A lot of makers use tech in a playful manner: they build an existing product into something else. Everything around them is material or an idea. They are fearless when it comes to inventing as they go along.

Rulof Maker is an excellent example: annoyed by the short battery life of his cell phone he fabricated a plug that transfers power between cell phone directly.

These kind of inventions show the art of living Kznraric talks about: solve your own problems, don’t buy the solution. Increase your quality of life by you own actions. Power to the people.

Children are masters at this maker mind set: a cardboard box can easily be a rocket. The maker mind set is a growth mind set: children that can look at problems with curiosity solve them more easily. And they are often more successful in later life because of this attitude.

Reason 3: To understand is to invent


You can find all answers to your questions on the Internet. But when it stops there, knowledge tends to stay theoretical. You learn more by experience. Only when you really understand something, it can become your tool. And than there are no limits to what you can build!

A great example of someone who is very good at that is Simone Giert. She builds shitty robots to make here life more easy. Ehh well, see for yourself.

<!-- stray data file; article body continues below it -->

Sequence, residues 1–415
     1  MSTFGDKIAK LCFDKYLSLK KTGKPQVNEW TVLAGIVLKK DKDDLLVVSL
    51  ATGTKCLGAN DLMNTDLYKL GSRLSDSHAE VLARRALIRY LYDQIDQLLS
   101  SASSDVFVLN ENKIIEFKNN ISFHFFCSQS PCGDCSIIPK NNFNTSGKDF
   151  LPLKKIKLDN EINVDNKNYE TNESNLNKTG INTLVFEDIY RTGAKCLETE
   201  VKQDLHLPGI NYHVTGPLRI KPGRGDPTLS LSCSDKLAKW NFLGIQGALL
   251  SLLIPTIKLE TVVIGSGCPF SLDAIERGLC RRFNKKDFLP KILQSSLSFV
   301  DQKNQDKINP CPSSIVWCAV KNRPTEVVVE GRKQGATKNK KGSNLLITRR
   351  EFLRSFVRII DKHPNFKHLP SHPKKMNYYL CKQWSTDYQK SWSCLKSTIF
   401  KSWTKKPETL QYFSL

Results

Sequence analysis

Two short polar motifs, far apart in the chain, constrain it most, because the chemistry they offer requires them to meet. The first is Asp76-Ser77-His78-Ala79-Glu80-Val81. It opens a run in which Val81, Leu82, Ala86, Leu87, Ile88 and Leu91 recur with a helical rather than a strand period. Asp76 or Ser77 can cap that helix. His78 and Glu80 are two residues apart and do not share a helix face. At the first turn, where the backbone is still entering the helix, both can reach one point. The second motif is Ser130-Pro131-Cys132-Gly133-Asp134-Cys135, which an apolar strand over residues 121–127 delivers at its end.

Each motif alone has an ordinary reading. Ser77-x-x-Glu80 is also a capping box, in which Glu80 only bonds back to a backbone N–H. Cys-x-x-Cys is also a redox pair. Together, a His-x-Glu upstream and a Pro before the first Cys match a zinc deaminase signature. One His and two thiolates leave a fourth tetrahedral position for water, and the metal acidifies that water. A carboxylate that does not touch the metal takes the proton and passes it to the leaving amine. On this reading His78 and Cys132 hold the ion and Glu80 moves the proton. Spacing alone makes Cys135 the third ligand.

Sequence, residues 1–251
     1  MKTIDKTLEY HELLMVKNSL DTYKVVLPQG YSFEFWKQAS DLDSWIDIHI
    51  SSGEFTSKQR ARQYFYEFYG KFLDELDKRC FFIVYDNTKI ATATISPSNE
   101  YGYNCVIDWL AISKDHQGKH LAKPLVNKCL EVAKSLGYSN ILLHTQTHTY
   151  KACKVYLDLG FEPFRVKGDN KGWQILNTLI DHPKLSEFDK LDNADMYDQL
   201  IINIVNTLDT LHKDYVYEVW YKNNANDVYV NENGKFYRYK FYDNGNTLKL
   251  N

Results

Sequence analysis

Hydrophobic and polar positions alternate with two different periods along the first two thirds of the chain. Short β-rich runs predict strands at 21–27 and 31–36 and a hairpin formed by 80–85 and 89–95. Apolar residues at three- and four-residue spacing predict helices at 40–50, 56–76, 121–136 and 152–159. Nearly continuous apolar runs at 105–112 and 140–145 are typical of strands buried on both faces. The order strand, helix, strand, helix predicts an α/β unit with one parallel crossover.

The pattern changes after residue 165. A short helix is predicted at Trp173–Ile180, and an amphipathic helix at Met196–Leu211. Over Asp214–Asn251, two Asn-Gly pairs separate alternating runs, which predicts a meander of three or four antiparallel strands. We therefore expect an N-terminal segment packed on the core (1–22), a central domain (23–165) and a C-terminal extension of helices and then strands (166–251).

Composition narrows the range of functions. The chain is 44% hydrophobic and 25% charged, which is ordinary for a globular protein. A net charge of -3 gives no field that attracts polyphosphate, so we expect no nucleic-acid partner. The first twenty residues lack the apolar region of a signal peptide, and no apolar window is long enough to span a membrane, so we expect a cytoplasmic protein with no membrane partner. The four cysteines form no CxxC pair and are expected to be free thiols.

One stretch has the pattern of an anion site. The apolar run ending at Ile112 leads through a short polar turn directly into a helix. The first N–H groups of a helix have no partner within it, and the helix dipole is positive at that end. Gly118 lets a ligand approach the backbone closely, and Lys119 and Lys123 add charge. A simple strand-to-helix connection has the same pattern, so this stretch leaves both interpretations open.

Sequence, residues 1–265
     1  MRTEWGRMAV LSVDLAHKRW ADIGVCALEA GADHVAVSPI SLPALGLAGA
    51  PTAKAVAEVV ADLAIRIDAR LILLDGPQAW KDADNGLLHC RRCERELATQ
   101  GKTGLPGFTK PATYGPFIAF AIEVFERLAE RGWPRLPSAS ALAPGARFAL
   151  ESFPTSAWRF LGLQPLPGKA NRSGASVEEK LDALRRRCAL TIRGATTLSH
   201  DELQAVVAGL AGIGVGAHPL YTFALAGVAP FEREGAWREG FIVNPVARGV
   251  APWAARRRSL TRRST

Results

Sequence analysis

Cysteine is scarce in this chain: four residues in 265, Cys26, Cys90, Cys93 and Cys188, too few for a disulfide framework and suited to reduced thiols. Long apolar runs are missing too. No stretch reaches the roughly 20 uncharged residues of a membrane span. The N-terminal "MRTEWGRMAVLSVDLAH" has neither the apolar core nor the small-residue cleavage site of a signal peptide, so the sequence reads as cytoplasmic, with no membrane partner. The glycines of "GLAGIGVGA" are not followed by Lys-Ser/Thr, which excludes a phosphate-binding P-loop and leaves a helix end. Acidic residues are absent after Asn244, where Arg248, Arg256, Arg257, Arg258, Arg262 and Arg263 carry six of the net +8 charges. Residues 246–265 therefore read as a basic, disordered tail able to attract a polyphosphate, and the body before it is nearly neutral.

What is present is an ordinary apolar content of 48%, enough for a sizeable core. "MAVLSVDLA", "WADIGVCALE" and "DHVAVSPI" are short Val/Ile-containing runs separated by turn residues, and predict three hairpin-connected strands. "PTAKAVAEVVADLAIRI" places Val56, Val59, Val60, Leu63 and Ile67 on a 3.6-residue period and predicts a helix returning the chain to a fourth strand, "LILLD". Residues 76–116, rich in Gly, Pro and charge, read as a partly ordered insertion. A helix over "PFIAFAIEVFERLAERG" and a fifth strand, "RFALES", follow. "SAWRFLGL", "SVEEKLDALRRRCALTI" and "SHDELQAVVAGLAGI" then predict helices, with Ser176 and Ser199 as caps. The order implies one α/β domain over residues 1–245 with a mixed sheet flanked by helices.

Next to the fun in her work, I also really like here message. You don’t have to be an engineer to be and inventor. Her work is inquisitive, she learns as she builds.

Another example are LittleBits. Little magnets that allow you to prototype electronic circuits quickly and easily. They are a great entry into electronics for newbies. We love them, but they felt a bit like toys. Then we built some ourselves. Now we really love them. Instead of only toys, they now became tools.

Reason 4: acting accelerates the thinking process

We are all aware that learning something by heart is not the only way to learn. Making can stimulate thinking too.4doenIn Holland a lot of primary school teachers have their children crochet when they are given a difficult instruction. It helps the children to focus. It also trains their brain: making things with your hands leads to new thoughts in your head. The product is not the only goal; the process is important too. A colleague of mine recently told me that only 3% of ideas emerge behind a computer screen or desk. Makers know this (yeah!).